April 05, 2019 Updated on December 22, 2021 4 min read
As per FDA regulation, every infant formula in the US must contain minimum amounts for 29 nutrients and maximum amounts for 9 of those nutrients. This can make for a long list of ingredients! And, when you add additional, voluntary ingredients like DHA with complex names like Crypthecodinium Cohnii Oil, the label can become even more daunting! Here we break down the necessary components of infant formula and de-mystify some of the most commonly found ingredients.
The gold standard
Human milk is the optimal source of nutrition for infants in their first year of life. Research confirms that breast milk is a complex and dynamic fluid: it contains macronutrients (carbohydrates, proteins, and fats), micronutrients (vitamins and minerals), as well as bioactive factors with health-promoting qualities (such as immunoglobulins, hormones, and growth factors to name a few).
If breast milk came with a label, the list would be longer than infant formula! And, some of the ingredients would have unfamiliar, scientific names.
Infant formula is patterned after the macro and micronutrients found in breast milk. And, as no animal or soy milk is able to supply the appropriate levels of nutrients for babies, all formulas are adapted and fortified to meet their health and developmental needs.
Protein is a critical macronutrient that supports a wide range of body functions, including structural support, healthy growth and development, and a robust immune system.
Cow milk protein has been the standard protein source used in formula for many years. Cow milk has a whey to casein ratio (the major types of protein in milk) of 20:80. This protein ratio is adapted in many formulas to more closely match the 60:40 ratio found in breast milk by adding additional whey.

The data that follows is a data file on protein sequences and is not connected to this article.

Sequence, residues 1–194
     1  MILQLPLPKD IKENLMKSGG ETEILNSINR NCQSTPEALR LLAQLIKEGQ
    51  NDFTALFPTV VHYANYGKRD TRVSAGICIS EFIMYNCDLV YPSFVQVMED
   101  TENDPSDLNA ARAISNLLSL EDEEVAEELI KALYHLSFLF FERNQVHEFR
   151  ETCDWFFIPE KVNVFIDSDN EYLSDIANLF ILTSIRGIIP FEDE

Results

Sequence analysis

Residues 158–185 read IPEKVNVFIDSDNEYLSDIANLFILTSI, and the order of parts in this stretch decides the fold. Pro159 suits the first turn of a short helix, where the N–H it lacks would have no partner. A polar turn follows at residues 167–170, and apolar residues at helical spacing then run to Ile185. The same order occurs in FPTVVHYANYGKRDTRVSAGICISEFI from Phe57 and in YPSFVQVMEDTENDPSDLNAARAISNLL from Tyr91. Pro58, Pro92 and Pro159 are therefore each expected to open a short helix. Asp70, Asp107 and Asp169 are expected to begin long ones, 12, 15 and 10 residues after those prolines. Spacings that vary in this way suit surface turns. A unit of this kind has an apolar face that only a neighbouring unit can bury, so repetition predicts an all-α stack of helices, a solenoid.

In hydrolyzed cow milk formula, the protein is either partially or fully (extensively) broken down. Extensively hydrolyzed formula is the first line choice for the majority of children with cow milk protein allergy (CMPA). CMPA affects about 2-3% of infants.
Soy is an alternative protein source to cow milk protein. It may be recommended for infants with rare conditions such as galactosemia or hereditary lactase deficiency.
For some children, cow milk protein may be difficult to digest and may cause mild to moderate symptoms such as spit-up, constipation, and eczema. Goat milk protein is naturally easy to digest and may alleviate the symptoms often associated with cow milk sensitivity*.
Goat milk, like cow milk, has a whey to casein ratio of 20:80, which is adapted in some formulas with additional whey. Like whole cow milk, whole goat milk is not suitable for infants; in addition to lacking nutrients (most notably folate), it contains too muchprotein for tiny kidneys. Goat milk is also not appropriate for children with a confirmed cow milk protein allergy.
In 2012, goat milk protein was approved for use in infant formula in the European Union (EU), and in 2014 goat milk toddler formula became available in the US market. Unlike many other countries, including the EU, the US requires that each new infant formula participate in a clinical trial to demonstrate safety and tolerance before being marketed. Currently, there is no goat milk infant formula approved for sale in the US. The trial to bring KABRITA Goat Milk Infant Formula to the US market is currently in progress.